Investment casting is one of humanity’s oldest manufacturing technologies.
In fact, investment casting, which was first done with beeswax, has been creating like-items for more than 5,000 years. Over the course of the millennia, the evolution of casting has seen a number of marked improvements. New investment materials have been developed and more effective production methods have been introduced, giving the manufacturing method reach into a number of high-tech markets.
Though investment casting has been around a long time, it’s still developing. One of the most promising recent developments in casting has been the introduction of additive manufacturing (AM), which can build high-precision sand cores of complex geometries. This new method, known as binder jetting (which can be used to build with metal, carbon fiber and other materials), leverages highly granular material and a binding agent to create models.
How Binder Jetting Works
Binder jetting technology builds models by depositing a binding agent into a layer of powdered material. To construct artifacts, binder jetting systems lay down a layer of powder material (for castings this is typically a sand-based material) that is selectively impregnated with a binding agent adhering the granular substrate into a cohesive whole. After that step is complete, the process begins anew until the model is finished.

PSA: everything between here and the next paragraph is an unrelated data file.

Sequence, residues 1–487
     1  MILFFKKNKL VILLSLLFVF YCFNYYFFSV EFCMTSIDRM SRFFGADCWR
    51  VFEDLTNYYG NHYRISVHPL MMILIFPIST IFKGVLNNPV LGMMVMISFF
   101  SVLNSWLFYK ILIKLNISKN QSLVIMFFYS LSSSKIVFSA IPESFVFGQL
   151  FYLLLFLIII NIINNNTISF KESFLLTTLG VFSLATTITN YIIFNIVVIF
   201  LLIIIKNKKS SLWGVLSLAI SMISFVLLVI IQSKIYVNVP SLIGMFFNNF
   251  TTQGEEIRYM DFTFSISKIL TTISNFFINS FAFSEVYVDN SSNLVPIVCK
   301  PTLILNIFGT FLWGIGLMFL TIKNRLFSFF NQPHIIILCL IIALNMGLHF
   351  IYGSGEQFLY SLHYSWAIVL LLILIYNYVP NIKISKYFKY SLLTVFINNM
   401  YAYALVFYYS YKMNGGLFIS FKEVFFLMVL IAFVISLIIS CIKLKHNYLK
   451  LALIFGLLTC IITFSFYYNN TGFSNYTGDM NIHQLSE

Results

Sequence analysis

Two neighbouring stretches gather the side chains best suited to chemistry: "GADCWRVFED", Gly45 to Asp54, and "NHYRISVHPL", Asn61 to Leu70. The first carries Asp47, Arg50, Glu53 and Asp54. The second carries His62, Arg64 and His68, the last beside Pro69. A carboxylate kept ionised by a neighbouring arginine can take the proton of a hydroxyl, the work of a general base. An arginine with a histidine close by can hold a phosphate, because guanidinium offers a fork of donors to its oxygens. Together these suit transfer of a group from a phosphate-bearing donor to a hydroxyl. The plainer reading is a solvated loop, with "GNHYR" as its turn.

Additive Abilities in Investment Casting
Because binder jetting technology functions similar to a 2D ink-jetting process that employs extremely accurate deposition technology, features can be built with high resolution. When combined with finely granulated material, binder jetting can produce high-definition 3D models.
One of the attributes that make binder jetting attractive is its scalability. Because the system relies on binder deposition which can move quickly and work rapidly, the system can be used to build objects of large size rapidly.
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